Are the Analysts Getting Closer to the C-Suite?

  |  April 18, 2013   |  Comments

The new generation of CMOs is more data-driven than its forefathers and has a critical need for performance measurement and ROI analysis, across everything.

As I write this I am literally surrounded by hundreds of digital analytics, predictive analytics, and conversion optimisation professionals. I'm at the Data Driven Business Week again in San Francisco, attending eMetrics and Predictive Analytics World, getting my annual dose of analytics industry input, insights, and networking on this side of the pond.

As I made my way here I realized that it's been 10 years since I attended my first eMetrics gathering in Santa Barbara back in 2003. I then thought about what's changed since those early days and what maybe hasn't. For sure there have been significant changes in the technologies and the processes, and the governance around those technologies has become more robust, but one of the perennial issues that the digital analytics industry and its professionals wrestle with is "business impact." How do digital analytics professionals impact upon the key corporate decision-makers? So I came here wondering: are the analysts any closer to the C-suite?

I think from what I've seen here and from what I know that the answer is "yes." Perhaps a qualified "yes," but a "yes" anyway. The qualification is that it looks like the C-suite, and particularly the CMO, may be helping the analysts out a bit. Whereas historically "marketing" and "technology" were two words that were not often found in the same sentence, one can't now survive without the other. The new generation of CMOs is more data-driven than its forefathers and has a critical need for performance measurement and ROI analysis, across everything. In fact, it won't be too long before the marketing guys are going to be buying more tech than the tech guys, apparently.

So, on the one hand it looks like the CMOs are moving toward the analysts. They have the need in a way that they maybe didn't realize before and so soon the analysts will be knocking on open doors. In many cases this is already happening and it's great now to hear more and more stories about organizations where the analysts are able to demonstrate clear business impact and in some cases business ownership as well.

Where the analysts are meeting the CMO it looks like a couple of things are happening. First, as described, there's an awareness at the C-suite level of the importance of data-driven decision-making and the potential of analytics to produce real business impact and results. These organizations are moving up the "Analytics Maturity Curve," as described by Thomas Davenport in his book, and want to compete on analytics. The second thing that is happening is that the analytics function is reaching the level of scale and sophistication where it can actually deliver on the business needs. What's happening here?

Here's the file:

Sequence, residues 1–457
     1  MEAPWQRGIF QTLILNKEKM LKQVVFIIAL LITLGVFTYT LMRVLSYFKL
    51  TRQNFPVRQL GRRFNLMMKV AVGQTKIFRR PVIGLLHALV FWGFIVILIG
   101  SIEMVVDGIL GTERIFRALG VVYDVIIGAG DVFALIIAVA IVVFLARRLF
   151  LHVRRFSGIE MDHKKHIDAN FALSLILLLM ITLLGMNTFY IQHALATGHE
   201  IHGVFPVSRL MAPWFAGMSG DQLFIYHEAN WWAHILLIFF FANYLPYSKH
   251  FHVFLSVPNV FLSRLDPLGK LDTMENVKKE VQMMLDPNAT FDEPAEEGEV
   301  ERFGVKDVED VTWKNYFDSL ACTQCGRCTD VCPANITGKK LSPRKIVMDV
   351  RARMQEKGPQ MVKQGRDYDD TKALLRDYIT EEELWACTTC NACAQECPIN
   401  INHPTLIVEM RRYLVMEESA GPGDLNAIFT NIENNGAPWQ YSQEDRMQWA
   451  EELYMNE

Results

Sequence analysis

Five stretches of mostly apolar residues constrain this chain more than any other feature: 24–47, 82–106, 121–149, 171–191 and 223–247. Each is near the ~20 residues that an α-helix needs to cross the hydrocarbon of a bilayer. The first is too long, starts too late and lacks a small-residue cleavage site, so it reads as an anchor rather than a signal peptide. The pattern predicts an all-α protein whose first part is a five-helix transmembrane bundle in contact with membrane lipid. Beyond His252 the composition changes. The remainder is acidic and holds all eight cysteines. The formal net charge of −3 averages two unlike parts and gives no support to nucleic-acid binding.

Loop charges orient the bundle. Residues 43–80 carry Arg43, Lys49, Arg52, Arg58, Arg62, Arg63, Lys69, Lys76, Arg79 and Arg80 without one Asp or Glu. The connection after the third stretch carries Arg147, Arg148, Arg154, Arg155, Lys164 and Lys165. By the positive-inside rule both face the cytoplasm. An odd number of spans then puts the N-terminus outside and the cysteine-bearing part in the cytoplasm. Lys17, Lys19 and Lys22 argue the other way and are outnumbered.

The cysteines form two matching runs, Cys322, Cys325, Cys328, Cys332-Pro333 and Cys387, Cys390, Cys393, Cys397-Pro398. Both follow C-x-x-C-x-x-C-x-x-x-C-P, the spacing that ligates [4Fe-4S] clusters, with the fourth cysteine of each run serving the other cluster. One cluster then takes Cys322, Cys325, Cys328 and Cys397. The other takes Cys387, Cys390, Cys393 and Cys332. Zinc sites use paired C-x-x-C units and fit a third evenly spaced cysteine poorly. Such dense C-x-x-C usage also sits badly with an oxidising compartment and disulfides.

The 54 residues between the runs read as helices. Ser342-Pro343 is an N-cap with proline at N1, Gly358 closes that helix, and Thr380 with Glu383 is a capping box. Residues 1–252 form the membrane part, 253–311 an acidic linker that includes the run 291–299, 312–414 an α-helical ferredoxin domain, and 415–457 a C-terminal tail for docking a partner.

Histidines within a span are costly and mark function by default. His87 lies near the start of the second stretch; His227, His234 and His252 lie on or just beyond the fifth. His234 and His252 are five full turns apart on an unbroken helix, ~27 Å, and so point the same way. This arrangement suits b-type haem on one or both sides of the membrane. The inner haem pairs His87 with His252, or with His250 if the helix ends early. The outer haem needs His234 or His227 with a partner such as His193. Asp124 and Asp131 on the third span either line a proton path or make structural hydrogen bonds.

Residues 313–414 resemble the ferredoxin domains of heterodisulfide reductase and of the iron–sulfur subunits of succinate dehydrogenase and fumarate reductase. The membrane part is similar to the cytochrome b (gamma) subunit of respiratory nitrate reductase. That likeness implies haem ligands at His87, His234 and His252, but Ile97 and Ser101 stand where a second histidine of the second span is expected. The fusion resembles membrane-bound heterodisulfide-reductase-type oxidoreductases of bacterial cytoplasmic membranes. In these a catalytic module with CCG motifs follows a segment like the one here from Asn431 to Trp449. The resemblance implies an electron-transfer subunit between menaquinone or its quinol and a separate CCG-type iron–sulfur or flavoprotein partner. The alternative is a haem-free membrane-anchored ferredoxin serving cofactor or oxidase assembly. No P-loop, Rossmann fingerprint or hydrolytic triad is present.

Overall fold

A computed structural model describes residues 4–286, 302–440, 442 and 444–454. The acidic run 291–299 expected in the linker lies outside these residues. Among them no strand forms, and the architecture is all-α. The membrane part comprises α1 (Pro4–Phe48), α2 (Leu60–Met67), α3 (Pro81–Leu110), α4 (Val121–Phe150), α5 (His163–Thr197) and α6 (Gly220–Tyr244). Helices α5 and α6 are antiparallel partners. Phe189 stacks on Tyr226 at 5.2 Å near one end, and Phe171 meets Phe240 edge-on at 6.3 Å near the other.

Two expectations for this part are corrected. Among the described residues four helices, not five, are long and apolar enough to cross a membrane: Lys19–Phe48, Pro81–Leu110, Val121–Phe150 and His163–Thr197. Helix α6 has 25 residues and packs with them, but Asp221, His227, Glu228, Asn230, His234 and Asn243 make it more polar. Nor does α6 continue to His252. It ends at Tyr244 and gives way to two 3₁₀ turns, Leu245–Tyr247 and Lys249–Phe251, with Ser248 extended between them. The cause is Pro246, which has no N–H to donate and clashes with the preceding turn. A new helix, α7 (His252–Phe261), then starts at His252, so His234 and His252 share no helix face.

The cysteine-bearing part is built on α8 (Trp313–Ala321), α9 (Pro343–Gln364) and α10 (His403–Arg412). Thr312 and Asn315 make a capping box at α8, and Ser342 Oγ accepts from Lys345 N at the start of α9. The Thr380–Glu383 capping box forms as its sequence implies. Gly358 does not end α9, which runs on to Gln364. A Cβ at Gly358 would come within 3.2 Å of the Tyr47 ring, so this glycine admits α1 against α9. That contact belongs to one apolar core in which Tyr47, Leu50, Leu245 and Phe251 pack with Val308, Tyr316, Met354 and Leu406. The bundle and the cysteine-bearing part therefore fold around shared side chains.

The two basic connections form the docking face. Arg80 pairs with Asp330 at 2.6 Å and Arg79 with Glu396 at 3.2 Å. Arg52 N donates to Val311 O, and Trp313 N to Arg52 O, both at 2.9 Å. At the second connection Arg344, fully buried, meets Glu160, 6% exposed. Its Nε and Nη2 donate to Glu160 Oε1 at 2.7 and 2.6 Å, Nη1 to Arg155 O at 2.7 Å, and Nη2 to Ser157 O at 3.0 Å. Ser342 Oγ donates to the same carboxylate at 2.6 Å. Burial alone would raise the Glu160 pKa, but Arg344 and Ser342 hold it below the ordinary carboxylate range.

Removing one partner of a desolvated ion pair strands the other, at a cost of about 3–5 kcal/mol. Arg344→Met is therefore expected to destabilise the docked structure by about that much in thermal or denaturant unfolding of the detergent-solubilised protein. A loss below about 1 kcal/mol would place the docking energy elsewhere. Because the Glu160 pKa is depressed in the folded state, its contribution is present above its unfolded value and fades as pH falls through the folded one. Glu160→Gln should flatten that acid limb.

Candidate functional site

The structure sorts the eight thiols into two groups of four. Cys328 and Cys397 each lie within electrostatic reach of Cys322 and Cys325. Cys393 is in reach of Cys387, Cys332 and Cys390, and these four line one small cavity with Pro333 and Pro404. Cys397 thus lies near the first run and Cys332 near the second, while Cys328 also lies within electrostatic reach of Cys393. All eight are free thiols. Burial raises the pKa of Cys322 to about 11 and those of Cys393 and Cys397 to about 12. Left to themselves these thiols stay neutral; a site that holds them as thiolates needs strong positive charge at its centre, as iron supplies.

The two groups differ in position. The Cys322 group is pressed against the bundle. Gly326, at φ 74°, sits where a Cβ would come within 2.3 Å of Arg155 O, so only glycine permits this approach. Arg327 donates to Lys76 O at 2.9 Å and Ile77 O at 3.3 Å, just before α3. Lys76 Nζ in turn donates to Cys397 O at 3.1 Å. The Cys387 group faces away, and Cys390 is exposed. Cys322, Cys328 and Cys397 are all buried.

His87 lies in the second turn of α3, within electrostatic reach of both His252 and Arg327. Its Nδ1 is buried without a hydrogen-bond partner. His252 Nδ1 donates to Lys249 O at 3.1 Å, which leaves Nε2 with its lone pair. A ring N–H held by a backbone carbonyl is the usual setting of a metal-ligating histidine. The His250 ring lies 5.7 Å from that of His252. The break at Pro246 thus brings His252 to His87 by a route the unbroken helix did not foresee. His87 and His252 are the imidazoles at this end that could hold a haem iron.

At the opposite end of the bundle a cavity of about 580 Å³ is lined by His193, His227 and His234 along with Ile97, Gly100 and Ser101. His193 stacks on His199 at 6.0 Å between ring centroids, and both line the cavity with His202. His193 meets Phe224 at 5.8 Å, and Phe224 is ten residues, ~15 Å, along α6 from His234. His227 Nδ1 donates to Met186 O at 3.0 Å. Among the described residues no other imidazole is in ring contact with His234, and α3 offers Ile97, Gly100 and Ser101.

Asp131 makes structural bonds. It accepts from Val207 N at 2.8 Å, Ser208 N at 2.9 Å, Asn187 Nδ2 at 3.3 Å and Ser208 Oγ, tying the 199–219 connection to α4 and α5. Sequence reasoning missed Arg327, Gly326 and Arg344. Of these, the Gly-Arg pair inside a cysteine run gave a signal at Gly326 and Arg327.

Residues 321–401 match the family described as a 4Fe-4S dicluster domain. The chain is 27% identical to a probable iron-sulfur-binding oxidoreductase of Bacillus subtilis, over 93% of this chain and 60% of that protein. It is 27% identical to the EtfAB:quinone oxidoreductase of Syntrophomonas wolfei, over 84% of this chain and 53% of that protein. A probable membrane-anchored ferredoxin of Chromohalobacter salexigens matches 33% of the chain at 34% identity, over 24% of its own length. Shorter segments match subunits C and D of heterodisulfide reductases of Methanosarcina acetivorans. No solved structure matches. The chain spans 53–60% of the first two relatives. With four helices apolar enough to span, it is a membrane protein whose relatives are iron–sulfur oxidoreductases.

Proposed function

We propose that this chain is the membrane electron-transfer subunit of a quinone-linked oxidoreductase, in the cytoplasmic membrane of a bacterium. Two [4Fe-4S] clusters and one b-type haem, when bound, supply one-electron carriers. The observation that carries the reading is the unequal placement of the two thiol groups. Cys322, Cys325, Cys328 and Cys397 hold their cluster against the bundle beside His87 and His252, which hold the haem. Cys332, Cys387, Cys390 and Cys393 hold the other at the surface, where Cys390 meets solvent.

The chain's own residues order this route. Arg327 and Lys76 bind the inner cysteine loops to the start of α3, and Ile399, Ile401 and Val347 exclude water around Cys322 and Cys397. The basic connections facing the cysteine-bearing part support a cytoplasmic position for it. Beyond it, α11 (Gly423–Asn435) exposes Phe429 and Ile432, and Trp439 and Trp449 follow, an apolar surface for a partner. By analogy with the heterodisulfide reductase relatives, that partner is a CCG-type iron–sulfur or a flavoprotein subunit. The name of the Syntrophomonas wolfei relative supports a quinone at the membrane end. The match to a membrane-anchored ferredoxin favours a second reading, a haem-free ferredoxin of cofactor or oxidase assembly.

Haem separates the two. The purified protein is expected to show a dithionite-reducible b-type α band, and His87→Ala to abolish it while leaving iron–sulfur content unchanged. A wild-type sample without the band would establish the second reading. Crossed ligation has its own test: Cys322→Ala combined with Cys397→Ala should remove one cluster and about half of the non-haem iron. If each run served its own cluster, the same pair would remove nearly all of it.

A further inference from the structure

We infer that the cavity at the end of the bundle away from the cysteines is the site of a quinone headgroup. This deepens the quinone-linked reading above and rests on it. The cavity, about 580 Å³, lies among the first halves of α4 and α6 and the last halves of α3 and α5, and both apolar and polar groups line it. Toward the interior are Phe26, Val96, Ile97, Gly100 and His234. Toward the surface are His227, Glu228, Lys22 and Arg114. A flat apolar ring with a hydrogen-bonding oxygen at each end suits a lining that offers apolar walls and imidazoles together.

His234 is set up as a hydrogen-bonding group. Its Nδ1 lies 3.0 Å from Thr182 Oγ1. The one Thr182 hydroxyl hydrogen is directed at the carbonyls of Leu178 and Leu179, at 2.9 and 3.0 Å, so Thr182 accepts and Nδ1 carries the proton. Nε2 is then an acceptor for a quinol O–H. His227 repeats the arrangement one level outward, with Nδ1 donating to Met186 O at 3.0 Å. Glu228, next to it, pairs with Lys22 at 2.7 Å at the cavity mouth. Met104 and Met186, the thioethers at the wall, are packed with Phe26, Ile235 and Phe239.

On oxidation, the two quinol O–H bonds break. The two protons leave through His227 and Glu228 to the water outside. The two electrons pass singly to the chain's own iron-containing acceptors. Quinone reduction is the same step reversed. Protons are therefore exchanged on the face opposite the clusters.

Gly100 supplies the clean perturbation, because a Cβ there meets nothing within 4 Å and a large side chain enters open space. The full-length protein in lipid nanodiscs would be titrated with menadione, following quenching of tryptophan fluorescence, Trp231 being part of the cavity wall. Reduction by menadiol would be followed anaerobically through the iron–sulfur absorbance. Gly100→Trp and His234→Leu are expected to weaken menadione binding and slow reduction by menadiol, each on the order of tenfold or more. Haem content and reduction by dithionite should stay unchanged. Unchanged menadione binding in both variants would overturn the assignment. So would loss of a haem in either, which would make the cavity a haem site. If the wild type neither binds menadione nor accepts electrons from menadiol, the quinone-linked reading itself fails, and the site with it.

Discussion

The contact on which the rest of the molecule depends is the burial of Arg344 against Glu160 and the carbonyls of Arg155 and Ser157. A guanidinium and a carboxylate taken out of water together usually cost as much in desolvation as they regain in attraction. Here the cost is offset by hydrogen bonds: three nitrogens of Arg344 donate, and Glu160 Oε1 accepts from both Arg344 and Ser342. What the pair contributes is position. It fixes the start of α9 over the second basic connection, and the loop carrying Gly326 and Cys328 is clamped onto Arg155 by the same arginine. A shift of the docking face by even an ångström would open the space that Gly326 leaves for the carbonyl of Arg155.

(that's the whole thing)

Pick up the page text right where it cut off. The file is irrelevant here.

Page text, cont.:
• Multiple data sources, both online and offline, are being used and integrated
  • Data governance is good and so data integrity is high
  • Operational processes are tuned
  • Resources and skills are correctly developed and deployed

What's clear is that you can't have business impact as an analytics function when you're only dealing with part of the overall picture. Successful analytics teams are taking the core behavioral data and enriching and enhancing their understanding of that behavior and its relevance by integrating with other digital data streams as well as offline data streams. They're able to show not just the performance of digital marketing on the online business but the total business.

The last point about resources is also a really interesting one, and there was a great example shown this week by Balaji Ram, director of site analytics and optimization at Walmart. As well as integrating data across devices and channels to get a complete view of customer behavior, Ram has a blended approach to resourcing his team from highly technical data engineers who are responsible for things like measurement instrumentation through to business analysts who work with the internal customers to deliver the insights that can impact the business. Now Walmart obviously has a bit of scale that helps it in this regard, but I don't think that Ram would own one of the company's KPIs unless he'd developed the business consulting talent as part of his team.

So, we're probably getting there. It might have taken a while and there may still be a ways to go, but the omens are good.

Image on home page via Shutterstock.



Neil Mason

Neil Mason is SVP, Customer Engagement at iJento. He is responsible for providing iJento clients with the most valuable customer insights and business benefits from iJento's digital and multichannel customer intelligence solutions.

Neil has been at the forefront of marketing analytics for over 25 years. Prior to joining iJento, Neil was Consultancy Director at Foviance, the UK's leading user experience and analytics consultancy, heading up the user experience design, research, and digital analytics practices. For the last 12 years Neil has worked predominantly in digital channels both as a marketer and as a consultant, combining a strong blend of commercial and technical understanding in the application of consumer insight to help major brands improve digital marketing performance. During this time he also served as a Director of the Web Analytics Association (DAA) for two years and currently serves as a Director Emeritus of the DAA. Neil is also a frequent speaker at conferences and events.

Neil's expertise ranges from advanced analytical techniques such as segmentation, predictive analytics, and modelling through to quantitative and qualitative customer research. Neil has a BA in Engineering from Cambridge University and an MBA and a postgraduate diploma in business and economic forecasting.

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